Site fidelity, associations and movements of Cuvier's (Ziphius cavirostris) and Blainville's (Mesoplodon densirostris) beaked whales off the island of Hawai'i
McSweeney, D.J., R.W. Baird, and S.D. Mahaffy. 2007. Site fidelity, associations and movements of Cuvier's (Ziphius cavirostris) and Blainville's (Mesoplodon densirostris) beaked whales off the island of Hawai'i. Marine Mammal Science 23:666-687. The definitive version is available at Wiley InterScience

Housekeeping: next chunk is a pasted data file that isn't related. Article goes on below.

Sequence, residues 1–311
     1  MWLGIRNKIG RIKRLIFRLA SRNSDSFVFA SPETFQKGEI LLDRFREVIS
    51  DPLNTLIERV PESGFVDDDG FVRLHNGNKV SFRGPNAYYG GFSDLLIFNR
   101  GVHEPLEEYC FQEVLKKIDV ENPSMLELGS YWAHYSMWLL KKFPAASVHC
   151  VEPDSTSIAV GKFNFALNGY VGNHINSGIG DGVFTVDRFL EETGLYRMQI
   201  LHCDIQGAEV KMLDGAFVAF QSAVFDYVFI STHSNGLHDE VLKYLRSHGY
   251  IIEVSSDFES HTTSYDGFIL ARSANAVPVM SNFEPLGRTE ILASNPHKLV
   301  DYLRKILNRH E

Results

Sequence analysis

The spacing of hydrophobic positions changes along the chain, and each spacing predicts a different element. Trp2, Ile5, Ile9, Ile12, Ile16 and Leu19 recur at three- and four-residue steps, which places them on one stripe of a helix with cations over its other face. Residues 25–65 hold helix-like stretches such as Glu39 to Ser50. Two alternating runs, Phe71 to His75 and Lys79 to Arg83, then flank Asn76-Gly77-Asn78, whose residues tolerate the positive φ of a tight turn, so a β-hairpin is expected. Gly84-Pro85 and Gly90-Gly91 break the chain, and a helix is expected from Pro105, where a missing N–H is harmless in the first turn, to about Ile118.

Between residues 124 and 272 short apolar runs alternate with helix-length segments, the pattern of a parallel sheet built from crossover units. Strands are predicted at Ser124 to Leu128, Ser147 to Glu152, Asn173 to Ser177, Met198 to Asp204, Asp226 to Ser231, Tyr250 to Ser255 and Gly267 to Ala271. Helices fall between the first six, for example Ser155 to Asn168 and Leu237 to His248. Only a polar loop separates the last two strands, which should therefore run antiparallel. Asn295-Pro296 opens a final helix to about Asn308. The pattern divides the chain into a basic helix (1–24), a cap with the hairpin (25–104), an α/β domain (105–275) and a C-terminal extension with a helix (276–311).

Although the Ziphiidae are the second-most speciose family of cetaceans, information on beaked whale species and populations has been limited by the difficulties in finding and approaching free-ranging individuals. Site fidelity, patterns of association, and movements of two species, Cuvier’s (Ziphius cavirostris) and Blainville’s (Mesoplodon densirostris) beaked whales, were assessed using a 21-yr photographic data set from the west coast of the island of Hawai‘i. Resightings of individuals of both species spanned 15 yr, suggesting long-term site fidelity to the area. Long-term resightings were documented primarily from adult females of both species. Group sizes for both species were small and most groups had only a single adult male present. For Blainville’s beaked whales, repeated associations between adult females and adult males were documented for all resightings of adult males over periods from 1 to 154 d. Among adult females, although repeated associations occurred up to 9 yr apart, individuals were seen separately in intervening years. Individuals of both species seen on multiple occasions were typically documented in multiple months/seasons, suggesting they may use the study area throughout the year. Such long-term site fidelity has implications both for potential population structure and for susceptibility of beaked whale populations to anthropogenic impacts.